Working together for standards The Web Standards Project

Lessons that the standardization process can teach us

By Ben Henick | May 1st, 2006 | Filed in Authoring Tools, Browsers, Opinion, Web Standards (general)

Over at Six Apart they’re working to turn Trackback into a standard, and WaSP emeritus Anil Dash shares some of the wisdom he’s gained from the process. Some of the points he makes have bearing on the things we’re trying to accomplish over here at WaSP…

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WaSP emeritus Anil Dash has been working under the auspices of Six Apart, his employer, to develop Trackback into a standard technology.

In the process he reports that he’s learned a lot about the twists and turns of the standards process, and three of his points beg emphasis here:

  • Users shouldn’t have to know or care about this stuff.
  • Being able to point to real-world benefits is important.
  • Shipping an implementation pretty much trumps everything else. Most technical debates are eventually settled by looking at what is in current use. Sometimes this is phrased as “letting the market decide.”

I immediately see corollaries to these statements that are highly relevant to the efforts of standards advocates, software vendors, and contributors to the W3C process, which are laid out respectively.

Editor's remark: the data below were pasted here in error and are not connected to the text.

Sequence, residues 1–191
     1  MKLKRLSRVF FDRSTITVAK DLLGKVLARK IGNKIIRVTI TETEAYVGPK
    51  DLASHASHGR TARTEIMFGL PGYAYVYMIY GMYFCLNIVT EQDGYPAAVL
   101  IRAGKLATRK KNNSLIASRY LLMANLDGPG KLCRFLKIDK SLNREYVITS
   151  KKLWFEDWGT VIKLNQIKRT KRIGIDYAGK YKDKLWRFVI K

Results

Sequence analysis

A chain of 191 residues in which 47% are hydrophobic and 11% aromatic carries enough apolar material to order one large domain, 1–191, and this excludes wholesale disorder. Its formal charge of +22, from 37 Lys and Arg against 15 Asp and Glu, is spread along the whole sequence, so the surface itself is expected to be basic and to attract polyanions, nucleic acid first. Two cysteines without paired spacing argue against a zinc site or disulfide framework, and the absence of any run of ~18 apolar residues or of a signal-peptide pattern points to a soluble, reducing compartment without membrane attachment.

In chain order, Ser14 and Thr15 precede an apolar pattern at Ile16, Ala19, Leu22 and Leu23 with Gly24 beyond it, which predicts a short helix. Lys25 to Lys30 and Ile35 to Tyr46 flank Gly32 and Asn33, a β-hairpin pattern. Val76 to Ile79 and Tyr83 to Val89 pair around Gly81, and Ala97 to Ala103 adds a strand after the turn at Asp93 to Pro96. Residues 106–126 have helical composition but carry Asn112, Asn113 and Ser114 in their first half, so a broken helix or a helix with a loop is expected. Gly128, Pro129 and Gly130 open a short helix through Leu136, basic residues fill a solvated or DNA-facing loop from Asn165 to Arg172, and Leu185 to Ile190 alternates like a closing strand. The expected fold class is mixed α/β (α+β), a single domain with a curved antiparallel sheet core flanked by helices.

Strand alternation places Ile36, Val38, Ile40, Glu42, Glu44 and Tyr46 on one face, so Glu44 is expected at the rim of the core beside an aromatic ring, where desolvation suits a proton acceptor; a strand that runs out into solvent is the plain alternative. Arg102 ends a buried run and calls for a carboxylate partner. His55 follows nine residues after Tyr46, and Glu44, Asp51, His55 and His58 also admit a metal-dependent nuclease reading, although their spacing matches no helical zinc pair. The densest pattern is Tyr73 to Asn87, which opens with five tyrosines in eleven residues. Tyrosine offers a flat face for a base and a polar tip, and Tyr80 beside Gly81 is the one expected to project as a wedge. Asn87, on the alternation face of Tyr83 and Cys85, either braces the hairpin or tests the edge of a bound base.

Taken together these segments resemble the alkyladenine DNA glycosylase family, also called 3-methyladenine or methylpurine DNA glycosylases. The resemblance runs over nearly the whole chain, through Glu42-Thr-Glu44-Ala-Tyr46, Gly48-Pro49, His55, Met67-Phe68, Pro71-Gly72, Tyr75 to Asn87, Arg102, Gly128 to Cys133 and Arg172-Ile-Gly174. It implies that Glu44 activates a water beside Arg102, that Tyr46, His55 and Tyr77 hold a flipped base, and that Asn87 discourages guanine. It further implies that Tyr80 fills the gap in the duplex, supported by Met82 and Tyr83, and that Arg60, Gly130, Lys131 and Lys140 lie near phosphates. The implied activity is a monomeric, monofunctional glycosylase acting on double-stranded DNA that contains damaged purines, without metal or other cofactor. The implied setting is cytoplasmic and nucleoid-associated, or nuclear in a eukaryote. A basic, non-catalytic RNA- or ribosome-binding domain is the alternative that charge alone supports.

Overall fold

On the web, the line between users and publishers is blurry, and becoming more indistinct every day. This means that technologists must make tools that suit the intended audience without creating mangled output. However, they shouldn’t bother trying to please all the people all the time; common sense describes where that effort winds up.

The entire W3C process is oriented these days toward the Semantic Web, and what energy they have to spare is spent catching up to what’s already been implemented and put on the market. In the meantime, there doesn’t seem to be much direct interaction between end users of web technologies and the W3C. The consequence of this state of affairs is that the best heads with a stake in the process are up in the clouds, rather than doing work that will benefit users in the near term. That work appears too often left directly and solely to software vendors themsevles, which has brought us such <sarcasm>winners</sarcasm> as ActiveX and GoLive.

It will be interesting to see if IE7 is more than emperor’s new clothes, once it ships. It’s no secret that Internet Explorer 6 is the new Netscape 4…

The balance of the value in this post will be in the comments, so have your say!

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#1 On May 2nd, 2006 2:17 pm